CHAPTER SIX HUNDRED and FOURTEEN
Monday early-morning — 2:48 a.m.
Nelson realized that his eyes were open. Closing his eyelids felt like dragging sandpaper over eye balls. The pain was as intense as the relief. He pressed his fingers into his eyes.
And then he realized that he had no idea where he was. He tried to get up. A large hand pressed him back to the bed.
“Úbi sum?” Nelson croaked.
“Hospitium,” a male voice responded with “Hospital” in Latin.
Nelson’s mind jerked awake at the Latin. He looked over to see Tres Sierra.
“Blane?” Nelson asked.
“He doesn’t speak Latin,” Tres said with a smirk. He pressed his hand into his chest. “I happen to be fluent in Latin. You’re welcome.”
“What?” Nelson asked.
“You were raving in Latin when you woke up. Only I could help you. Well, there was that guy from the pharmacy. He was here when I got here.”
“What?” Nelson asked.
Tres just grinned at him.
“It’s good to see you, man,” Tres said. “We’ve been out of our minds with worry.”
“How long have I been gone?” Nelson asked.
“Couple of years, according to Delphie and Heather,” Tres said.
“A couple?” Nelson asked.
“Seven,” Tres said. “But in regular, non-Templar time, it’s only been a little more than a month. You got back just in time for the biggest and brightest pandemic in the last hundred years.”
“I should get to work,” Nelson said, trying to get up. “The ER must be swamped.”
“You need to sleep and rest,” Tres said.
Nelson weaved. He flopped back onto the bed.
“What’s wrong with me?” Nelson asked.
“Besides the fact that, according to the doctors, you’ve had the shit beat out of you for years?” Tres asked. “Your dad?”
“Never,” Nelson said. “War. Wars. Many wars. Jacques. Miserable fucking Templar training.”
His eyes welled with moisture. He shook his head.
“You’ve had surgery,” Tres said. “Three. Your ribs had been badly broken and set wrong.”
“Pushed off a horse,” Nelson said.
“You have been freed of your spleen,” Tres said.
“Infection?” Nelson asked.
“Injury,” Tres said. “The docs said that if you hadn’t gotten here when you did, your spleen would have likely burst. Uh. ‘Like a ripe berry.’ That’s a direct quote.”
Nelson lay back in the bed. After a moment, he turned to look at Tres.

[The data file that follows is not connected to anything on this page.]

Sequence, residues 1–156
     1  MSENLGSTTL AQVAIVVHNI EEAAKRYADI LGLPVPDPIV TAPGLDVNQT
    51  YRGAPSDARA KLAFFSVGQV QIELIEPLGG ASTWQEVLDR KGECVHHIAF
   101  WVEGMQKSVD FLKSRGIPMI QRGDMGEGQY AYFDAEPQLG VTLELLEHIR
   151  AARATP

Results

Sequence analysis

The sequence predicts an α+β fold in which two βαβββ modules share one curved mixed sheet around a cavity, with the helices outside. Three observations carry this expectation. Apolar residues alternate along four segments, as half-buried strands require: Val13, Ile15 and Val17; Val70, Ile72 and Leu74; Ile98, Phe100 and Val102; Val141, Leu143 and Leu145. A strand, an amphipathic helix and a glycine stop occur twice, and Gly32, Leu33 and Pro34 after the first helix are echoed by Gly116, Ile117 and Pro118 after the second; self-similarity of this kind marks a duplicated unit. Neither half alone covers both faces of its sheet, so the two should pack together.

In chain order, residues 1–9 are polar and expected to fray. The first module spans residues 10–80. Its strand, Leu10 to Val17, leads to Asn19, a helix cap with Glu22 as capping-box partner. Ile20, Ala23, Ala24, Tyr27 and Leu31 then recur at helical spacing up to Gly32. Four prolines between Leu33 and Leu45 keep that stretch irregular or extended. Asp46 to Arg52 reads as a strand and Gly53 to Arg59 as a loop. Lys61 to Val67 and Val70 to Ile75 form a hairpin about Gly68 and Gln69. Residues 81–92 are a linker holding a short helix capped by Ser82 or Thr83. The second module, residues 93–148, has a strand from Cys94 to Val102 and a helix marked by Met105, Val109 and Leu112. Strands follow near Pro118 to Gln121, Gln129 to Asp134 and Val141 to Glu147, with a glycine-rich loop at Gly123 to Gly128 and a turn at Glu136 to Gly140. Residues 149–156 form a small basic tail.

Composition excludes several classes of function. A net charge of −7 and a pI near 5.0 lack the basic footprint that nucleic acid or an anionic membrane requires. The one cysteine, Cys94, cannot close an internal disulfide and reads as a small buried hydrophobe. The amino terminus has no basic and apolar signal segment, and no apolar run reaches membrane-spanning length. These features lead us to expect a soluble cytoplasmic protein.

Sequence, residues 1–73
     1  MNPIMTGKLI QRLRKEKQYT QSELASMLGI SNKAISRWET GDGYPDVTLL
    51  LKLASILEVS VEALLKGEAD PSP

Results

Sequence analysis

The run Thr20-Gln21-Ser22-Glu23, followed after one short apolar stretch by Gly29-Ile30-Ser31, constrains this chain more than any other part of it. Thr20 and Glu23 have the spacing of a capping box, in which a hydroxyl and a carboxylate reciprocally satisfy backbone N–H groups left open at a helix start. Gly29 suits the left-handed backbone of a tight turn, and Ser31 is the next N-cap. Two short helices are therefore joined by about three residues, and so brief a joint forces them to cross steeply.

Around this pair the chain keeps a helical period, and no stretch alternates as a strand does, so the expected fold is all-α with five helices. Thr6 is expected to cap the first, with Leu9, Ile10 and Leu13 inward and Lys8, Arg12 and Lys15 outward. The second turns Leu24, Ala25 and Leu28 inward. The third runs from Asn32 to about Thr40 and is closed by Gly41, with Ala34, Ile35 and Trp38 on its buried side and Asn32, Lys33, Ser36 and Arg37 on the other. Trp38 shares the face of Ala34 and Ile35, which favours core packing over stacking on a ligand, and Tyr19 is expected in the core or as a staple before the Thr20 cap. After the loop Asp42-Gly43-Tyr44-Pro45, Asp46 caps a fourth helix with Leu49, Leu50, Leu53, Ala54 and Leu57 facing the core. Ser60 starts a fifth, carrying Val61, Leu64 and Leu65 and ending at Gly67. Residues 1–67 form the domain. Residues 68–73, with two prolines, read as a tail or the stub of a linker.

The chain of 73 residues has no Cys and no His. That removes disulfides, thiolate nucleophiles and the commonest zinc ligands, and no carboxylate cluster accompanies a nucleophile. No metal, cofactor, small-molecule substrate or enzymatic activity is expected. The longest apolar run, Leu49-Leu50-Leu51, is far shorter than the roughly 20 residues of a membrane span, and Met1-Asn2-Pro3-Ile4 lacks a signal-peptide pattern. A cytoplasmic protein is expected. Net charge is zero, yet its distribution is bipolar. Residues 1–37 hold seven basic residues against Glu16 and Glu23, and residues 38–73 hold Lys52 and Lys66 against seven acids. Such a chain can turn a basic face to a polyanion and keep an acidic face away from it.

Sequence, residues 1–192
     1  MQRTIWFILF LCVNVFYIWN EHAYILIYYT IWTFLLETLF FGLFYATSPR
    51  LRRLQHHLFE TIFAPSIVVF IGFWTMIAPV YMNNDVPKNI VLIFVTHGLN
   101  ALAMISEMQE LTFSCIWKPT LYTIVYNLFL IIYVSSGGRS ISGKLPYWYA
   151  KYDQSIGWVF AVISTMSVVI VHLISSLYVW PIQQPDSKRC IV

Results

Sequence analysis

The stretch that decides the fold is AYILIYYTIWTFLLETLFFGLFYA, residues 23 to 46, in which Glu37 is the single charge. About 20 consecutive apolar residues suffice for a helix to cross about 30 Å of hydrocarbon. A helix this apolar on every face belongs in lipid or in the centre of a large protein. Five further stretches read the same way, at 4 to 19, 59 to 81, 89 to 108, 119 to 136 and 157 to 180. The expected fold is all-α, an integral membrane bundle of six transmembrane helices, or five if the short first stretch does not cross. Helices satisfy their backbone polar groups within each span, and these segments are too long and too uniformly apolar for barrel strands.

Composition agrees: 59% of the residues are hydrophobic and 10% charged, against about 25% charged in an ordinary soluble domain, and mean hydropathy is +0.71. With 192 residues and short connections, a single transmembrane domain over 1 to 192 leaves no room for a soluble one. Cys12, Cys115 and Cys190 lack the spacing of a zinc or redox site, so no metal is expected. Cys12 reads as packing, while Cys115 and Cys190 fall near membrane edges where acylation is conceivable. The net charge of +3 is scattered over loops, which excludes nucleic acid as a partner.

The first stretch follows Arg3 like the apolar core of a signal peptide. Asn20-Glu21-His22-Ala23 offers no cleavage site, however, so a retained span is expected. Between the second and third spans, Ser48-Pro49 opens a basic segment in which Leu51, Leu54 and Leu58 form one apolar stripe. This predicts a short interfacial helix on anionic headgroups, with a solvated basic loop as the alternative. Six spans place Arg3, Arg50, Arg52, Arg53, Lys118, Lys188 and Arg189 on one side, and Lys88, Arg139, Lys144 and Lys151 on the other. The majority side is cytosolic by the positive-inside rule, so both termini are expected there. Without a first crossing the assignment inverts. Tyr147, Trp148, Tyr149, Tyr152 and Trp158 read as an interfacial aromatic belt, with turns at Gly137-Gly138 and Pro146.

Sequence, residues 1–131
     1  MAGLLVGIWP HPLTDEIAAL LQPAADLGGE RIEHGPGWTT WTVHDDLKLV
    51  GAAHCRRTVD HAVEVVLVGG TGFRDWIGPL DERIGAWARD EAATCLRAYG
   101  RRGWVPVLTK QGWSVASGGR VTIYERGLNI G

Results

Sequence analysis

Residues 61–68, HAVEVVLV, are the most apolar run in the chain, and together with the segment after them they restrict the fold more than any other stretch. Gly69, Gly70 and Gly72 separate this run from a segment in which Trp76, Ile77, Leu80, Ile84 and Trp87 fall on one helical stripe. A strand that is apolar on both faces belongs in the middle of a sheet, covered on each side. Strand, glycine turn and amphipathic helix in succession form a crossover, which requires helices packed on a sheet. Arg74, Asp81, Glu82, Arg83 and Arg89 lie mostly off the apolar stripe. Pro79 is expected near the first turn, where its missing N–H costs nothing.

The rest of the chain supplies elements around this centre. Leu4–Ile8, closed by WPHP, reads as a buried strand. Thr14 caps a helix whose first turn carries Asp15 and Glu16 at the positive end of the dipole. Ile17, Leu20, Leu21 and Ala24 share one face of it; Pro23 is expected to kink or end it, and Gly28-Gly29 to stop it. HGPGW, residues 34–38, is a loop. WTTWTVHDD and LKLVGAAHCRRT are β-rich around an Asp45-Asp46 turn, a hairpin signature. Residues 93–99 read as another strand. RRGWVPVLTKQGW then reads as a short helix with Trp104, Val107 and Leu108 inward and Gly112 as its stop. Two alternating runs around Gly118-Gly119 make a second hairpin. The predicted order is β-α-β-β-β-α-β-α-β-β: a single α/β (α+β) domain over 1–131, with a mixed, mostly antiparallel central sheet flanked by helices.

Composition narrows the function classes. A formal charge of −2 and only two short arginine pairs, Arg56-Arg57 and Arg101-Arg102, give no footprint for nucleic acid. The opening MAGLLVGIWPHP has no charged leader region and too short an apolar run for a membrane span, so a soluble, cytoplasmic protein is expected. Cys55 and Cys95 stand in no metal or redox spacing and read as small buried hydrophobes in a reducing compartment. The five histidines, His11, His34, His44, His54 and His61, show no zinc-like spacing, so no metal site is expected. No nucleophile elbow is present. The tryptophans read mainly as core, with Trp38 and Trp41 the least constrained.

“Why are you speaking French?” Nelson asked.
“Oh, Tres, I can’t believe you’re fluent in French now,” Tres said. “How ever did that happen?”
In a deeper voice, Tres continued, “Well, my dear friend and brother, Nelson, speaks fluent French. I thought that it would be good to learn so that when he shows up spouting languages like a cross between the Exorcist and a Pentecostal Christian, I could translate. Because, really, I have nothing better to do.”
Nelson snorted a laugh. He grabbed his ribs and moaned. Tres grinned.
“But why isn’t Blane here?” Tres said, imitating Nelson. Back to his imitation of his own voice, he said, “He’s asleep, like you should be.”
“No, really,” Nelson said.
“I know that it will surprise you, but we’re in the middle of our own drama,” Tres said.
“Shocking,” Nelson said.
“Blane’s been working like a madman,” Tres said. “He’s sleeping so that he and the others can work like madmen again.”
“Why aren’t you resting?” Nelson asked, and yawned.
“Because I know something he doesn’t,” Tres said.
“Sounds like you know lots of things he doesn’t know,” Nelson said. “What’s the deal with the languages?”
“I’m good at languages,” Tres said, with a shrug. “But mostly, I learned Latin for my high school project. Spanish was my first language, so it wasn’t a huge stretch.”
“You should be in the diplomatic corps,” Nelson said.
“I wouldn’t be here to have this scintillating conversation with you,” Tres said.
Nelson grinned at Tres.
“I missed you,” Nelson said.
Tres opened his mouth to respond, but Nelson was asleep again. Tres got up to get the nurse.
Denver Cereal continues tomorrow…
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